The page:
House Republican leaders and their aides said union members shouted obscenities and vulgar epithets at female GOP lawmakers and staff before the vote, but union leaders denied the claims. After the state GOP put out a statement decrying the "street tactics" of "union thugs," hundreds of union members held a Statehouse rally to protest the bill.

Comments

question4u 3 years, 8 months ago

Anthony Brown, by his own modest admission, was sent by God to the Kansas House to be great. Does he really believe that God wants him to make it more difficult for workers to pay their union dues? Does he really believe, despite all of the misery, violence and suffering in the world, that God is obsessed with suppressing the ability of workers to represent themselves? Is there anyone else in Kansas, or even the world at large, who thinks that? Is there anyone who believes that Anthony Brown is another Moses? Paul? Augustine? St. Francis? Mother Teresa?

This guy should be in a home, not the House.

KSManimal 3 years, 8 months ago

If the right wing-nuts did their homework, they would know that federal courts have already ruled their "paycheck protection" (a lie of a name if there ever was one...) laws to be in direct violation of the 1st and 14th Amendments.

Not that the right wing-nuts care about, or even understand, the U.S. Constitution....

Let me spell out what this is really about: http://www.edvoices.com/blog/2011/03/18/teacher-responds-union-ads/

Richard Heckler 3 years, 8 months ago

Women the republican party CANNOT be trusted with women's issues across the board.

Women,YOU are the largest voting block in America!

  1. "The GOP's stealth plan to redefine rape," Mother Jones, May 3, 2011. http://motherjones.com/politics/2011/04 ... on-stealth

Tue May. 3, 2011

They're doing it again: After jettisoning controversial legislative language narrowing the definition of rape for the purposes of abortion law, House Republicans are attempting a backdoor maneuver to ensure that solely victims of "forcible rape" are eligible for federal funding if they seek abortions.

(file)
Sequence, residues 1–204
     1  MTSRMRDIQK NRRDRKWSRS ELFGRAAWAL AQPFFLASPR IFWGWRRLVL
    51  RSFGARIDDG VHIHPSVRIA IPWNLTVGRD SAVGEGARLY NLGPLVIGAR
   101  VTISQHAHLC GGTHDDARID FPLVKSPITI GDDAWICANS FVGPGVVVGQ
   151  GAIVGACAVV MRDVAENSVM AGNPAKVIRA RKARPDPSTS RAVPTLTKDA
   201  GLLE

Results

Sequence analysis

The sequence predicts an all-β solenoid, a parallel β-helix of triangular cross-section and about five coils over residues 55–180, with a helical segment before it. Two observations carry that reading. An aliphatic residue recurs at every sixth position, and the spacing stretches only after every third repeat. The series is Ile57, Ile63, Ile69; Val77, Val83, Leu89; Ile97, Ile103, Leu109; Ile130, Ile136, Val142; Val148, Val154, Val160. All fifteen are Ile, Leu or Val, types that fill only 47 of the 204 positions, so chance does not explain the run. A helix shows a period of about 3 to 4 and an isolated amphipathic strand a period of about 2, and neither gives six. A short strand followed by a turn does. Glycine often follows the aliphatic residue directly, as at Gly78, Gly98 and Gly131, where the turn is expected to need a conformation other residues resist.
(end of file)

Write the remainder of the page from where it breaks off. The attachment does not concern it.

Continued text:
In February, Republicans drew widespread condemnation for their "forcible rape" proposal, which legal experts said would have excluded statutory rape victims and others from obtaining abortions through Medicaid.

Amidst public outcry and a protest campaign by left-leaning groups, Republicans abandoned the language, which had been included in the "No Taxpayer Funding for Abortion Act," a bill the GOP leadership numbered H.R. 3 to signify its high priority to the party.

But while they've amended their legislation, which faces a floor vote in the House on Wednesday, Republicans haven't stopped trying to narrow the already small exception under which federal funding for abortions is permissible.

They've used a sly legislative maneuver to make sure that even though the language of the bill is different, the effect remains the same.

Women the republican party CANNOT be trusted with women's issues across the board.

Women,YOU are the largest voting block in America!

http://motherjones.com/politics/2011/04/redefine-rape-hr-3-abortion-stealth

just_another_bozo_on_this_bus 3 years, 8 months ago

And to think that Anthony Brown used to be a union member. I guess the Koch brothers bribes enticing him to stab his union compatriots in the back got too much to refuse. Now he's just a pawn in their class war.

William Weissbeck 3 years, 8 months ago

So Anthony Brown doesn't like being yelled at? I guess that's because he has no identity with the common man, he doesn't understand how the common man might react to being screwed by his government. Sometimes the "beer drinking crowd" gets a little rough with its language. But probably nothing worse than was yelled during the VCU game.

William Weissbeck 3 years, 8 months ago

So Anthony Brown doesn't like being yelled at? I guess that's because he has no identity with the common man, he doesn't understand how the common man might react to being screwed by his government. Sometimes the "beer drinking crowd" gets a little rough with its language. But probably nothing worse than was yelled during the VCU game.